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CISA Warns of Karakurt Extortion Group

Federal authorities are warning enterprises about a relatively new data extortion group called Karakurt that is targeting organizations for data theft and then holding the data for ransom and demanding large Bitcoin payments in exchange for not publishing the stolen information.

The group does not deploy ransomware on compromised networks, but instead exfiltrates valuable corporate, employee, and customer information and then threatens to publish it if the ransom demands aren’t met. That extortion tactic is quite similar to what some ransomware groups do as an added way to pressure their victims to pay. But Karakurt relies solely on the extortion piece and have demanded as much $13 million from victims, according to a new advisory from the FBI, the Cybersecurity and Infrastructure Security Agency and other federal agencies.

“Karakurt actors have typically provided screenshots or copies of stolen file directories as proof of stolen data. Karakurt actors have contacted victims’ employees, business partners, and clients with harassing emails and phone calls to pressure the victims to cooperate. The emails have contained examples of stolen data, such as social security numbers, payment accounts, private company emails, and sensitive business data belonging to employees or clients,” the advisory says.

“Upon payment of ransoms, Karakurt actors have provided some form of proof of deletion of files and, occasionally, a brief statement explaining how the initial intrusion occurred.”

Like many ransomware groups and some traditional cybercrime groups, Karakurt uses initial access brokers in some of its operations, buying access to compromised systems or networks from actors who have performed the initial intrusion. This model has become increasingly popular in the last few years as it allows actors with the specialized skills and tools needed to break into networks to monetize those abilities while enabling other actors to focus on the post-exploitation activity, ransomware deployment, and data exfiltration. Both sides make money while focusing on what they’re best at.

The Karakurt group, which emerged in the last few months, uses initial access brokers, stolen credentials, and other methods to gain access to target networks. The group does not seem to focus on any specific industries or sectors, but instead hits targets of opportunity. After the actors are inside a network, they typically deploy Cobalt Strike beacons and then use Mimikatz to harvest credentials and AnyDesk to maintain persistence.

“Upon receiving the ransom, Karakurt actors provide some form of alleged proof of deletion of the stolen files."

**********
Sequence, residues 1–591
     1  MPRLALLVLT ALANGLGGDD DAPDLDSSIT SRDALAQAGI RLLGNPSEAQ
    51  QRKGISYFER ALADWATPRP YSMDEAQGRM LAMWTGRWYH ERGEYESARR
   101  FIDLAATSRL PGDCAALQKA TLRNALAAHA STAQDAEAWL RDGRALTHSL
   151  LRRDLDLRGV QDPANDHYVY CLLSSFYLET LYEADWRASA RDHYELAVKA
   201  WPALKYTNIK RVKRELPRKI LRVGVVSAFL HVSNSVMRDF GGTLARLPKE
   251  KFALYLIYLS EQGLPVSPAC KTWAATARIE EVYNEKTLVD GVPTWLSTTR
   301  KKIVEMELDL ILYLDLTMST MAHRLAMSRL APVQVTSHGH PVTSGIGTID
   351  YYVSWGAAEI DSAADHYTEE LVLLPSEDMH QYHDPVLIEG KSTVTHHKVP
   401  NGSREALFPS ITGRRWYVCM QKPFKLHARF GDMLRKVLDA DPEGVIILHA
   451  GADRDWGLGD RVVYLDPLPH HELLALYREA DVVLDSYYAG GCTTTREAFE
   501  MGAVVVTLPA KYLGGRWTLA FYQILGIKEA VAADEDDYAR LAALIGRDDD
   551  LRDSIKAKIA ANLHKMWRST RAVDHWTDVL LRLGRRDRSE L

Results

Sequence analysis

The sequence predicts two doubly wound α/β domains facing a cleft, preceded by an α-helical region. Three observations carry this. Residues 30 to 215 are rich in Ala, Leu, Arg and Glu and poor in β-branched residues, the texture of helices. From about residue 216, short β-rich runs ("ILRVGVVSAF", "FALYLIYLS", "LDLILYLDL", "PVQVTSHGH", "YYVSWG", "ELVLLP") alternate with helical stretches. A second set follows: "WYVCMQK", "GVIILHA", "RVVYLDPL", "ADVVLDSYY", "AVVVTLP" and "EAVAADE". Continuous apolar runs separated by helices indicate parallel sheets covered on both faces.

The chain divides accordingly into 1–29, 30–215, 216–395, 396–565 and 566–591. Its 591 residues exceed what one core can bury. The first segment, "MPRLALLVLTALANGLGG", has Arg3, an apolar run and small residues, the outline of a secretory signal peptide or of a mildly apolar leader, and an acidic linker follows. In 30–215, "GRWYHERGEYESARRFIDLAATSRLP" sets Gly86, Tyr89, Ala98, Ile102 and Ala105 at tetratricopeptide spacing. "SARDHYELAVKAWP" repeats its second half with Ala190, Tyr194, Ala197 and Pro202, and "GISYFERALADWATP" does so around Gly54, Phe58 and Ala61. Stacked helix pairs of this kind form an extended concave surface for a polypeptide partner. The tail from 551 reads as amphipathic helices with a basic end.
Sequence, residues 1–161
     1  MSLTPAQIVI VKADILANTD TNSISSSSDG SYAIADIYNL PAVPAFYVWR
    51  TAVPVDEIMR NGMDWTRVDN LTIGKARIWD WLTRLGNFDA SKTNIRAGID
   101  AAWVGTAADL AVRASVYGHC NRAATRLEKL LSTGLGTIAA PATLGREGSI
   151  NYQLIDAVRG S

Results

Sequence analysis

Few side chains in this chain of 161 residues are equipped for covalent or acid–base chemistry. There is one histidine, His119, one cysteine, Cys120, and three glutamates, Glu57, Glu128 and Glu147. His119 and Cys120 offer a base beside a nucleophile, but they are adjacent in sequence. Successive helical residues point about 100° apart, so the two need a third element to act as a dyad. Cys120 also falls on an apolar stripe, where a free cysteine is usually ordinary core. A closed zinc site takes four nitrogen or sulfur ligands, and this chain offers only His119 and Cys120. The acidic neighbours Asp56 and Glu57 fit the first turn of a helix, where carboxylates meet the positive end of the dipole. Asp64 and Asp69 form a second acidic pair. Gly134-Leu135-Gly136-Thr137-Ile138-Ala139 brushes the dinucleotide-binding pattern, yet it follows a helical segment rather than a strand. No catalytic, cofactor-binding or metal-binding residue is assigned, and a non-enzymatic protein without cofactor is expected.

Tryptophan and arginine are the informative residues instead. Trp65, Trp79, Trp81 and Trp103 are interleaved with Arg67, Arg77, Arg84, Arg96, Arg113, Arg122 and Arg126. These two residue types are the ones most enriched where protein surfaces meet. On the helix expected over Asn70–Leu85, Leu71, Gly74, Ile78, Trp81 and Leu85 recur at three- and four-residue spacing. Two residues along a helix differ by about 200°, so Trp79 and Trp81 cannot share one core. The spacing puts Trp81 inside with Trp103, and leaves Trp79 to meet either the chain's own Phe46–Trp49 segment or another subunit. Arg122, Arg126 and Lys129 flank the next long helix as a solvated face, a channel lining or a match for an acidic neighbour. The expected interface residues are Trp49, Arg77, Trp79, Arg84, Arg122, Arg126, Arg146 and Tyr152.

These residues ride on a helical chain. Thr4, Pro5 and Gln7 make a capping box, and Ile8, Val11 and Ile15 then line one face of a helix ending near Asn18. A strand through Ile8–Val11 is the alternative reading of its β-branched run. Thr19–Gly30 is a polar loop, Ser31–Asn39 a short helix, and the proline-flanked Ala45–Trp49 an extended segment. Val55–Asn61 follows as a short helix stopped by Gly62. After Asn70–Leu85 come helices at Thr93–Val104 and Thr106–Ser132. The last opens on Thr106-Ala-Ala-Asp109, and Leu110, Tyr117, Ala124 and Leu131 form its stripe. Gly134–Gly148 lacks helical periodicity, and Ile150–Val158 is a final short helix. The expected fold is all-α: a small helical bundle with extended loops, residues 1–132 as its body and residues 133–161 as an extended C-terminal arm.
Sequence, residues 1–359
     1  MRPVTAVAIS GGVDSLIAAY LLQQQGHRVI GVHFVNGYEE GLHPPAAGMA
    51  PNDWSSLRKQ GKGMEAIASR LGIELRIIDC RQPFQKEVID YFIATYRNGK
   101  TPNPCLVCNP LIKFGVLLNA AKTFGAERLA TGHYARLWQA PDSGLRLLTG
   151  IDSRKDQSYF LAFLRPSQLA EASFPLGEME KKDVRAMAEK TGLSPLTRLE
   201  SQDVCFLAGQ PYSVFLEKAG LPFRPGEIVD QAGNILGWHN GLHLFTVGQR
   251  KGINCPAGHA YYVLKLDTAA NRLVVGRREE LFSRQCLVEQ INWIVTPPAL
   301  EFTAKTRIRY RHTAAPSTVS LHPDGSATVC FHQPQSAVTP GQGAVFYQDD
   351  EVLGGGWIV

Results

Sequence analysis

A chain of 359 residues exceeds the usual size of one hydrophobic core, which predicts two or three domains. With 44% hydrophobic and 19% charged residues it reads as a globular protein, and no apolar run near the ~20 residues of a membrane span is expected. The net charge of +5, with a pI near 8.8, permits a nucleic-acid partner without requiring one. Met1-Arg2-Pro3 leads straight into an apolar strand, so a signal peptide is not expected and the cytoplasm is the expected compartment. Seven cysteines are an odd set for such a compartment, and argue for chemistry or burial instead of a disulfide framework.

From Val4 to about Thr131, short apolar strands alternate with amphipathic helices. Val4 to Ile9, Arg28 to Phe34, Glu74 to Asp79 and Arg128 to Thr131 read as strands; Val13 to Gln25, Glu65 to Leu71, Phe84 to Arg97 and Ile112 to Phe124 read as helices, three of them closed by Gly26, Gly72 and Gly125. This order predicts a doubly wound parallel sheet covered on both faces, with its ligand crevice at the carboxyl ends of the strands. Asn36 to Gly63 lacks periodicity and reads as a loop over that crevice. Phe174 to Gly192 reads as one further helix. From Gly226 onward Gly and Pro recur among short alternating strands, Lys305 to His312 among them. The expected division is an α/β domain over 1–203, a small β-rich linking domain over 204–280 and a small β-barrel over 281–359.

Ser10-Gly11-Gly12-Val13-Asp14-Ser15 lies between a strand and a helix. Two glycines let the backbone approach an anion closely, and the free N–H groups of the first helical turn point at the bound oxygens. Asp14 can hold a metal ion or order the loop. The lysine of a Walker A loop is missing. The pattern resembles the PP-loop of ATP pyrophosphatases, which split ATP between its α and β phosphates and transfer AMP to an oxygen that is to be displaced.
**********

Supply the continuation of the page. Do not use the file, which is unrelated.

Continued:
“Following the exfiltration of data, Karakurt actors present the victim with ransom notes by way of ‘readme.txt’ files, via emails sent to victim employees over the compromised email networks, and emails sent to victim employees from external email accounts. The ransom notes reveal the victim has been hacked by the ‘Karakurt Team’ and threaten public release or auction of the stolen data,” the advisory says.

“The instructions include a link to a TOR URL with an access code. Visiting the URL and inputting the access code open a chat application over which victims can negotiate with Karakurt actors to have their data deleted.”

Part of the Karakurt group’s playbook involves calling and emailing partners, customers, and employees of victim organizations to have them encourage the victims to pay or negotiate. This is common with some ransomware groups, as well.

“Victims who negotiate with Karakurt actors receive a “proof of life,” such as screenshots showing file trees of allegedly stolen data or, in some cases, actual copies of stolen files. Upon reaching an agreement on the price of the stolen data with the victims, Karakurt actors provided a Bitcoin address—usually a new, previously unused address—to which ransom payments could be made,” the advisory says.

“Upon receiving the ransom, Karakurt actors provide some form of alleged proof of deletion of the stolen files, such as a screen recording of the files being deleted, a deletion log, or credentials for a victim to log into a storage server and delete the files themselves.”

Like ransomware groups, Karakurt doesn’t always keep its word about deleting stolen data when victims do pay, and the group also has targeted organizations that are already under attack by a ransomware group, multiplying the victim’s woes.